The child seems to assert that he had a constitutional right to admit the facts of the petition; in effect, to plead guilty, and the court's rejection of his admission violated this constitutional right. The claim is frivolous. Whatever defendant's rights may be in offering to plead, a court is not required to "accept every constitutionally valid guilty plea merely because a defendant wishes so to plead. A criminal defendant does not have an absolute right under the Constitution to have his guilty plea accepted... ." North Carolina v. Alford, 400 U.S. 25, 91 S. Ct. 160, 27 L. Ed. 2d 162 (1970), footnote 11.

Similarly, a child does not have a constitutional right to have his admission accepted and thus prevent being transferred to district court for criminal proceedings. The right to be treated as a child is a statutory, not a constitutional, right. Woodard v. Wainwright, supra. Having provided that certain children could be prosecuted criminally, the Legislature did not intend that such a prosecution, initiated by the motion to transfer, could be terminated by the child's offer to admit the allegations of the Children's Court petition, a non-criminal matter. United States v. Rombom, 421 F. Supp. 1295 (D.C.N.Y. 1976); see § 13-14-30, supra.

The child reminds us of the purpose of the Children's Code, see § 13-14-2, supra. He contends the court's refusal to accept his admission was contrary to the purposes of the Children's Code and thus an abuse of discretion. The court has discretionary power to accept or refuse the admission. State v. Jimenez, 89 N.M. 652, 556 P.2d 60 (Ct.App. 1976); State v. Leyba, 80 N.M. 190, 453 P.2d 211 (Ct.App. 1969). It was not an abuse of discretion to refuse to accept the admission when the consequence of such an acceptance would have foreclosed the transfer specifically authorized by statute.

Compliance with Section 13-14-27.1, supra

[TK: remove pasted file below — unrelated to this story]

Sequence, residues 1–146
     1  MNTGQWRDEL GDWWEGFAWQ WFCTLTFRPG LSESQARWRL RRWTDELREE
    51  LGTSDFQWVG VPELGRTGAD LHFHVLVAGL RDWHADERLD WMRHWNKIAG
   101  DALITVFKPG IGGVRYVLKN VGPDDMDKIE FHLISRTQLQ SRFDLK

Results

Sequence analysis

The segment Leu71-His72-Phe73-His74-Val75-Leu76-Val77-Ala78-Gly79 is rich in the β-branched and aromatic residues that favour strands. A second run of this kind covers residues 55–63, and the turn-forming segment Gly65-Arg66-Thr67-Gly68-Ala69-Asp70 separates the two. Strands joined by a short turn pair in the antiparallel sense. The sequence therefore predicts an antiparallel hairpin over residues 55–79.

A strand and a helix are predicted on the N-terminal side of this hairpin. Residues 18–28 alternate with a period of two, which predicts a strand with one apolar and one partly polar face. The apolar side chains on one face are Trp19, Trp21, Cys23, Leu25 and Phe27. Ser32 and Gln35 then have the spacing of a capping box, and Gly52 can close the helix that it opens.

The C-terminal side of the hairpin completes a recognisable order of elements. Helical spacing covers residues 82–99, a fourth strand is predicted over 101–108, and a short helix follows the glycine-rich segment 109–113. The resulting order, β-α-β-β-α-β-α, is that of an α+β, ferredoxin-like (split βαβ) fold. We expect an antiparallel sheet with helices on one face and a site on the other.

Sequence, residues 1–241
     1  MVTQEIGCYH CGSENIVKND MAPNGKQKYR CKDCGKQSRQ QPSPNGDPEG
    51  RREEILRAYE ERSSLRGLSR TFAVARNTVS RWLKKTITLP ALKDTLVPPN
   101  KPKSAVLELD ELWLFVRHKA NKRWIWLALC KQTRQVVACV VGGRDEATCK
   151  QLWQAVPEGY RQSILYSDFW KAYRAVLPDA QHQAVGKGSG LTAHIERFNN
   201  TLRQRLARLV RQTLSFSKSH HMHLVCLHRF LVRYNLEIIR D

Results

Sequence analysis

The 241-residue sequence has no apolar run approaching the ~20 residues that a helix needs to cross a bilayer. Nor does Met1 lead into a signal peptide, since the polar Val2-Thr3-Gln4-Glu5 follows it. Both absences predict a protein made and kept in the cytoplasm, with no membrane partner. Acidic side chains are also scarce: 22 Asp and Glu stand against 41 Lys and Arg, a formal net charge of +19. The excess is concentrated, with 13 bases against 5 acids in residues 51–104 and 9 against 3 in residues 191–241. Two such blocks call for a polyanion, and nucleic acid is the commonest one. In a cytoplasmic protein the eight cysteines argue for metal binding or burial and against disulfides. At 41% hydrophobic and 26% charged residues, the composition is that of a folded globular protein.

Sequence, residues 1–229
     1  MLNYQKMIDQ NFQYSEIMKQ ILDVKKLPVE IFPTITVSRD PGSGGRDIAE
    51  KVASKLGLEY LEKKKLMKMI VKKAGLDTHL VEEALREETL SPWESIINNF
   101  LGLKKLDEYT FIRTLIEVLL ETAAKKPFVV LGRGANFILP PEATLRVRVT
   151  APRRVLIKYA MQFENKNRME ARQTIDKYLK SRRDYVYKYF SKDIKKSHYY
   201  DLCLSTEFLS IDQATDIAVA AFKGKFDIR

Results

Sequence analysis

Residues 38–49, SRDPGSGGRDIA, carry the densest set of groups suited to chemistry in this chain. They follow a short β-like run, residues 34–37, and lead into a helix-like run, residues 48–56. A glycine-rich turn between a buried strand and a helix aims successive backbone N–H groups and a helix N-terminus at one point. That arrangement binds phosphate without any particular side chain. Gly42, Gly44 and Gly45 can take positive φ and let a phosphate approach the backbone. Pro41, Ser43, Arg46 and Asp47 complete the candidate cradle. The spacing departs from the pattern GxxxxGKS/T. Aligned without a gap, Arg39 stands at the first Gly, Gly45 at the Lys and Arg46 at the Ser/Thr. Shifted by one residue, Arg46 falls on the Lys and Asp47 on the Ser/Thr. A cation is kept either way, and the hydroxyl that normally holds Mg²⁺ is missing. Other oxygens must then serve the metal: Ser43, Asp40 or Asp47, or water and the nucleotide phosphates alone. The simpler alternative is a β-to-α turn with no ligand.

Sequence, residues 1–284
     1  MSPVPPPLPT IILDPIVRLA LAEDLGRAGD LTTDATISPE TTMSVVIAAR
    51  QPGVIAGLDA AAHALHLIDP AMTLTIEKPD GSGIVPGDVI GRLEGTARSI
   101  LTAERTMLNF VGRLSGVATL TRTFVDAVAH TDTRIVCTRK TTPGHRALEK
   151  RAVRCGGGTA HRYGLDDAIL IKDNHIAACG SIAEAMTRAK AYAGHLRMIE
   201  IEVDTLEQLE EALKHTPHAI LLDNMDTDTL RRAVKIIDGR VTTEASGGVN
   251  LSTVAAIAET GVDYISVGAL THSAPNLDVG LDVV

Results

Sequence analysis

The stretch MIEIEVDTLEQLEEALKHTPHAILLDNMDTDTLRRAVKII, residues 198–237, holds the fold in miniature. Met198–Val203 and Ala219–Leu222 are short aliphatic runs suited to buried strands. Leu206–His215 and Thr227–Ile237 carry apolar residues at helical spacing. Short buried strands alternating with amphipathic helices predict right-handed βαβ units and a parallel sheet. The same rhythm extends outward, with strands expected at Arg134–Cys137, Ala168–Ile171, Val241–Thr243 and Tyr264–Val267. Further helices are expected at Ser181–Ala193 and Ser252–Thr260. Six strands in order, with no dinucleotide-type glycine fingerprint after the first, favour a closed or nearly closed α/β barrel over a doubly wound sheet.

Section 13-14-27.1(A), supra, lists five requirements for transferring the matter to district court for prosecution of the child under the criminal law. Compliance with four of the requirements is challenged; we identify the challenges by the statutory subsections.

(a) Subsection 1 requires the child to be fifteen years of age or more at the time of the alleged delinquent act if the alleged delinquent act is murder. The child asserts there was no evidence of the child's age at the transfer hearing. We agree. However the petition set forth the child's birthdate and the date of the offense; no issue was raised as to their correctness. Inasmuch as the record established the age, the requirement of subsection one was met regardless of whether evidence of age was introduced at the transfer hearing. Matter of Doe, 89 N.M. 507, 554 P.2d 669 (Ct.App. 1976).

(b) Subsection three requires "notice in writing of the time, place and purpose of the hearing is given the child, his attorney, parents, guardian or custodian at least five [5] days before the hearing". The child does not contend that the required notices were not given. His claim is that the notices were oral, not written, and therefore the transfer hearing was not conducted in accordance with the statute. The record shows written notice was sent more than five days prior to the hearing and the court so found. However, even if written notice had not been sent, its absence, under the circumstances of this case would not have invalidated the transfer hearing. The circumstances are: oral notice was conceded, the trial court offered a continuance which the child rejected, all the noticed parties appeared and there is no claim of prejudice resulting from the allegedly missing written notice. See Matter of Doe, 88 N.M. 481, 542 P.2d 61 (Ct.App. 1975).

(c) Subsection four requires the court to consider whether the child is amenable to treatment or rehabilitation as a *1142 child through available facilities. There was evidence that the child needed treatment because of mental illness. Unless, however, the evidence of a need for treatment permitted the inference that the child would respond to such treatment, there was no evidence of the child's amenability. See § 34-2A-15(G), N.M.S.A. 1953 (1976-77 Interim Supp.). We do not consider "amenability" further. The statutory requirement refers to treatment as a child through available facilities. The evidence was conflicting as to whether there were facilities for treating the child, as a child, in New Mexico. Defendant asserts the evidence showed there were facilities for treating the child, as a child, outside New Mexico. We disagree. There was evidence that adequate facilities existed outside the state, but no evidence that those facilities were available. The court did not err in finding that the child was not amenable to treatment as a child through available facilities.